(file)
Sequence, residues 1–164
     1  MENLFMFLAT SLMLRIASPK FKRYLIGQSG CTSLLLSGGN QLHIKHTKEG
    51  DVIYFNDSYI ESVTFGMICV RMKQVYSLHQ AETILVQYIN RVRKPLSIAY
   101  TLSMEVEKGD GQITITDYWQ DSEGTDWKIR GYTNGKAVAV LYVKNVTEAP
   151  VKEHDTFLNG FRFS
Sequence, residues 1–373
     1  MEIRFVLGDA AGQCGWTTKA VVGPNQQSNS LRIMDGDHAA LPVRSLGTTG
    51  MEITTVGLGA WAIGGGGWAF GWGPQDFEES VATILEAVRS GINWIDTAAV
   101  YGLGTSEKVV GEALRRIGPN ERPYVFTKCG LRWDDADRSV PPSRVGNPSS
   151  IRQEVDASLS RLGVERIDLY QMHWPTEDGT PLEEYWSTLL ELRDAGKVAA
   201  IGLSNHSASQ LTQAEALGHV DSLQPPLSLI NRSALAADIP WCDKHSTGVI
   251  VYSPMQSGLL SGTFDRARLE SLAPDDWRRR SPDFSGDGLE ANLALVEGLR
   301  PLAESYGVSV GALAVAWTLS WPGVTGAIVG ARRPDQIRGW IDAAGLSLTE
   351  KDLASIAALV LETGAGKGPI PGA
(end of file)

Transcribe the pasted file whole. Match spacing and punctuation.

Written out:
Sequence, residues 1–164
     1  MENLFMFLAT SLMLRIASPK FKRYLIGQSG CTSLLLSGGN QLHIKHTKEG
    51  DVIYFNDSYI ESVTFGMICV RMKQVYSLHQ AETILVQYIN RVRKPLSIAY
   101  TLSMEVEKGD GQITITDYWQ DSEGTDWKIR GYTNGKAVAV LYVKNVTEAP
   151  VKEHDTFLNG FRFS
Sequence, residues 1–373
     1  MEIRFVLGDA AGQCGWTTKA VVGPNQQSNS LRIMDGDHAA LPVRSLGTTG
    51  MEITTVGLGA WAIGGGGWAF GWGPQDFEES VATILEAVRS GINWIDTAAV
   101  YGLGTSEKVV GEALRRIGPN ERPYVFTKCG LRWDDADRSV PPSRVGNPSS
   151  IRQEVDASLS RLGVERIDLY QMHWPTEDGT PLEEYWSTLL ELRDAGKVAA
   201  IGLSNHSASQ LTQAEALGHV DSLQPPLSLI NRSALAADIP WCDKHSTGVI
   251  VYSPMQSGLL SGTFDRARLE SLAPDDWRRR SPDFSGDGLE ANLALVEGLR
   301  PLAESYGVSV GALAVAWTLS WPGVTGAIVG ARRPDQIRGW IDAAGLSLTE
   351  KDLASIAALV LETGAGKGPI PGA